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Make an offer: a wealthy landowner in Costa Rica says developers will bet on medical tourism

Patricia Nazario
Latin Trade

January 1, 2005

In his 70s, Jim Sparrow is a slender man with a receding hairline. He stands at six feet tall, and his hazel eyes peer over the top of his silver-rimmed glasses as he speaks. He's enthusiastic, and when he talks about Puerto Pedregosa, he sounds like a kid at Christmas.

Puerto Pedregosa is a US$225 million real-estate development project in Guanacaste, a province on Costa Rica's Pacific coast. When developed, it will be a medical-destination resort that will contain a state-of-the-art hospital, a medical university, first-class hotels and timeshare condominiums. Sparrow bought the 188 hectares of property in the early 1970s for $16 million. Today he wants to sell it for $32 million, although he claims its appraised value is four times more.

"We get offers," says Sparrow, "and look more at development plans than money," although he would not reveal the identity of the potential developers. His long-time female companion, Star Cunningham, sits by his side and finishes his sentences. "We get to double our money and investors feel like they're getting a good deal," says Cunningham. "Besides, if it works out, every hotel and small business will be a success."

The couple moved to Costa Rica from Canada a decade ago to develop the idea. Today they live in the two-bedroom presidential suite of a modest hotel in San Jose. Their office and assistant are across the hall. That was Sparrow's idea of retiring, says Cunningham.

The couple, now 20 years together, call each other soul mates. They're both from western Canada: Cunningham from Central Alberta and Sparrow from Edmonton. He's one of four boys from a working-class family. His parents raised grain and livestock on a 65-hectare farm 80 kilometers outside of town. Sparrow says times then were tough. Growing up, they had no running water. His mother worked as a nurse to make extra money, and horses were their only mode of transportation. "My neighbor got a tractor," says Sparrow, "so that made me want to work harder to buy my father one."

At 15, he started skipping school to work on oil rigs to make some money to help out the family. At first, he told his father he was earning the bucks playing poker. But eventually the truth came out: Sparrow confessed he liked working on the rigs, playing cards and then going to school, in that order. Inevitably, he dropped out of high school in the ninth grade and started pulling double shifts on the rigs.

"They learned me one thing," says Sparrow. "Keep your head down, ass up and don't argue until you know what you're doing, eh!"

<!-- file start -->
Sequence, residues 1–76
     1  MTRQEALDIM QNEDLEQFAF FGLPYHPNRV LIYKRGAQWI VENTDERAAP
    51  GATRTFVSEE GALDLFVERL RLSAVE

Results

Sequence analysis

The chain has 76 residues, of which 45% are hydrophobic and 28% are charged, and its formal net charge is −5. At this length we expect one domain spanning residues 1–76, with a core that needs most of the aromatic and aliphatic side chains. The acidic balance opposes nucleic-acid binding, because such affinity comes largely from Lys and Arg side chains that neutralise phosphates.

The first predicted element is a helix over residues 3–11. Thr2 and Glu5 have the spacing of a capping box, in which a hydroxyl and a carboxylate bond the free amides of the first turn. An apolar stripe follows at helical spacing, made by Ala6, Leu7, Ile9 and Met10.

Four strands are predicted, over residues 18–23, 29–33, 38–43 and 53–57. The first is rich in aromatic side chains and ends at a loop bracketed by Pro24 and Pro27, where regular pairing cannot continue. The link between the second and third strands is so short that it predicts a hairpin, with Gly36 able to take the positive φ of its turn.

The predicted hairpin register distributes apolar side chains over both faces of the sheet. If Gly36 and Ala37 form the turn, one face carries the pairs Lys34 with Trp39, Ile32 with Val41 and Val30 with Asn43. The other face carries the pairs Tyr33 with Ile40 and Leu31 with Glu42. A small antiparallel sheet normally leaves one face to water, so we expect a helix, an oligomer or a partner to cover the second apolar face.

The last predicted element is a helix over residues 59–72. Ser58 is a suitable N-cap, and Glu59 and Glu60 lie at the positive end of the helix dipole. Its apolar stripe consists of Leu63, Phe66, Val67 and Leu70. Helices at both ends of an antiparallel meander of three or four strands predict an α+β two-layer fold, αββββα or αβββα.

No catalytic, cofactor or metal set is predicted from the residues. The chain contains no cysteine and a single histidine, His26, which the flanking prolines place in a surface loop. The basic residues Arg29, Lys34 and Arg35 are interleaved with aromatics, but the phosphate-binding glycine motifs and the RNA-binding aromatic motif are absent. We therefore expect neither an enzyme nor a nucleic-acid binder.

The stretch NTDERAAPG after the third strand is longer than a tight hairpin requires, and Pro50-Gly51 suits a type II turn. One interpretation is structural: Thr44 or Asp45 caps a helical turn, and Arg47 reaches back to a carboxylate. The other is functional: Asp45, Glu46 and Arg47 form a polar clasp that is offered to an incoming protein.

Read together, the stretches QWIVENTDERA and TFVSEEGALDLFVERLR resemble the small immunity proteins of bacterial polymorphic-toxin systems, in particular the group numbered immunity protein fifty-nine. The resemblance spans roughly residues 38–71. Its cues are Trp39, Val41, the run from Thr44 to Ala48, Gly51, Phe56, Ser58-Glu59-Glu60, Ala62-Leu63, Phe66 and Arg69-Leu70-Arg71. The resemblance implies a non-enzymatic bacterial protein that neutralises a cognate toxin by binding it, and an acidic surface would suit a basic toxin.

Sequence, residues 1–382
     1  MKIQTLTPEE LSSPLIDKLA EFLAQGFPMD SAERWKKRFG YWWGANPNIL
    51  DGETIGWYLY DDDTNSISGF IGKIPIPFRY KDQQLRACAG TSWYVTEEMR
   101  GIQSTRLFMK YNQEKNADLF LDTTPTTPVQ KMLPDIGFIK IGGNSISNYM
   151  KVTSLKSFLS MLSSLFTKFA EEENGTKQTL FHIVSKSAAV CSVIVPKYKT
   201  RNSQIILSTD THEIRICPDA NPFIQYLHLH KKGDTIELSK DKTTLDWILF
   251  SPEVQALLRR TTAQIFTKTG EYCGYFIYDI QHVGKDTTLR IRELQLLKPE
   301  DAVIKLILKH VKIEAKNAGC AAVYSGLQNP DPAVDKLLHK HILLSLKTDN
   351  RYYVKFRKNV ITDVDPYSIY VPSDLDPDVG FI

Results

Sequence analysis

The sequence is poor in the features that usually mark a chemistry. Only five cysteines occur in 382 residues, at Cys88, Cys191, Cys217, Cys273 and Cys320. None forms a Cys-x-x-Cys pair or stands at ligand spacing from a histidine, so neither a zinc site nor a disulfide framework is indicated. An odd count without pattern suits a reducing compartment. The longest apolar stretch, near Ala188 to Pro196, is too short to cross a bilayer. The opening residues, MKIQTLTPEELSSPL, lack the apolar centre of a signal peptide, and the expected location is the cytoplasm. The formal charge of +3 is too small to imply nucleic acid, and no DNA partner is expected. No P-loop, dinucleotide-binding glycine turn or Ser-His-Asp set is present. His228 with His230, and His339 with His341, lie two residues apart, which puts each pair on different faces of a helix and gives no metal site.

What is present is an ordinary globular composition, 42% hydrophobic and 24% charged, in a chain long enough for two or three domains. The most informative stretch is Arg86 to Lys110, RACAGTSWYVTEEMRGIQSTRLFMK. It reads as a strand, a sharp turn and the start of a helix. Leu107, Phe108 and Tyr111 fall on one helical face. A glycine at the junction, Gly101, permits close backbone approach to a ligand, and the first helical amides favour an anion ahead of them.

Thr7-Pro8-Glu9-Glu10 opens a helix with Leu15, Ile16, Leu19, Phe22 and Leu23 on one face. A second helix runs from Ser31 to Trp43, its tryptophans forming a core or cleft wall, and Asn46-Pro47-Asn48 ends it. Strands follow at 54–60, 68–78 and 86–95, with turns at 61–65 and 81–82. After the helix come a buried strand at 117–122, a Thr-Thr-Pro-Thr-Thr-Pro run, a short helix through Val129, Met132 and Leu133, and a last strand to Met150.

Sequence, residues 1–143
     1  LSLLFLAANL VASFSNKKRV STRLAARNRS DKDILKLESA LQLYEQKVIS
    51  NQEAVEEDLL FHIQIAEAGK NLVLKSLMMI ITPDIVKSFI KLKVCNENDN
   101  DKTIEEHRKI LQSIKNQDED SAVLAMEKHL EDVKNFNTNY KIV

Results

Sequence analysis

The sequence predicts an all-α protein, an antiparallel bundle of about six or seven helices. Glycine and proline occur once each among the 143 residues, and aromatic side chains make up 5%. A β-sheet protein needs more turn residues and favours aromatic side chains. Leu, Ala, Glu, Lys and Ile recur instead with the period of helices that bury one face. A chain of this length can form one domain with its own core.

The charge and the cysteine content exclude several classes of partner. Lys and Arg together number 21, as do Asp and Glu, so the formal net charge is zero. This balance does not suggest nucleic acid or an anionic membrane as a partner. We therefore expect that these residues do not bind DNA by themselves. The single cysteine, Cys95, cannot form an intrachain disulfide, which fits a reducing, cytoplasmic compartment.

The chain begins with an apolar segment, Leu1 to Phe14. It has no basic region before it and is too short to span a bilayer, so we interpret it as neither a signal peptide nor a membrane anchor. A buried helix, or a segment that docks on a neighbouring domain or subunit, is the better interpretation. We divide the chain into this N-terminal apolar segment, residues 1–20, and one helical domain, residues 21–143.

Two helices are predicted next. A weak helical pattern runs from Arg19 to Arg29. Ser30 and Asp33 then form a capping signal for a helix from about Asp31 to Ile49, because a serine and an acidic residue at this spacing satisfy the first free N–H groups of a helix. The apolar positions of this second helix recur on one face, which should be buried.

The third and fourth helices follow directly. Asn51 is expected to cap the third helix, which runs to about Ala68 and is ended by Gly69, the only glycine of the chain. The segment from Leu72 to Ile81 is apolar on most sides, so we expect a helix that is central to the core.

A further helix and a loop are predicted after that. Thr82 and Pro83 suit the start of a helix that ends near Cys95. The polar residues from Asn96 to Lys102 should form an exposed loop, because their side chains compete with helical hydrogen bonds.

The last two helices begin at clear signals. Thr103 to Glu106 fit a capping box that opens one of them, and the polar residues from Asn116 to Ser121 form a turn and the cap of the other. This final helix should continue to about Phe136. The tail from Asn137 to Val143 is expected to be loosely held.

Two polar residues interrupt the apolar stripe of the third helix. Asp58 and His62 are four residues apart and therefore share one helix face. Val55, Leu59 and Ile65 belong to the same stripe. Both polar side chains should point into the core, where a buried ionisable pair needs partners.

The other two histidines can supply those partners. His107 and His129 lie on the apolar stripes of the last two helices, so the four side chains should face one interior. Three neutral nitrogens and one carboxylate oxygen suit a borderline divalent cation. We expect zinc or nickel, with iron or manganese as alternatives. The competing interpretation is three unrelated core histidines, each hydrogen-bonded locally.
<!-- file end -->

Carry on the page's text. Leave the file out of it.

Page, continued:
Sparrow learned the oil industry from the ground up. He made money and invested it wisely, he says. Eventually he became a very prominent businessman in Canada and the United States, working for the company he founded, Sparrow Industries, a supplier for the oil and gas industry. He brags about never having drilled a dry hole and speaks modestly about the other business ventures that multiplied his wealth, including agriculture and real-estate developments. He's a jokester at heart who loves eating dessert first, but he gets serious whenever he talks about protecting the environment and personal safety. A lesson, Sparrow says, he doesn't take lightly.

"I went to an oil rig and guys on there had died the night before," said Sparrow. "I was only 16 years old. That changed me forever and now it's safety first."

Safety and the environment took top priority for Sparrow Industries as they do for the Puerto Pedregosa project. The couple wants to preserve the areas natural, lush landscape, encourage local folkloric traditions and create new jobs for the people living in the nearby town of Matapalo, three kilometers from the site. The couple affectionately refers to it as the forgotten village. Matapalo's development is important because its 14,000 residents will be the main labor pool for future Puerto Pedregosa employees.

"The level of careers and optimism for small businesses is a big goal," says Cunningham. "Five-star luxury provides careers for folks. It creates a need for top-quality tomatoes, lettuce, rice," she says. The project Hill help Costa Ricans rise to a new level of agriculture, Sparrow says, so it's a win-win situation.

Giving back. The couple has supplied dozens of instruments for Matapalo's music school, developed a computer center and invested thousands of dollars to create a public library. The contributions are considered business expenses, but it's an effort of which Sparrow and Cunningham are especially proud.

Sparrow calls Puerto Pedregosa his last big project. He is dedicating it to his younger brother, Donny, who was killed in a car accident eight years ago. That is the reason, he says, it has taken so long to get the project off the ground. For years, the threesome waited for the right time to start the project. After Donny's death, Sparrow nearly walked away. But Cunningham stuck by his side and she's helping this pioneer blaze through what Sparrow calls his final frontier.

Copyright 2005 Freedom Magazines, Inc.

Note: The above information is not to be used for any other purpose other than private study, research, criticism or review. Thank you.

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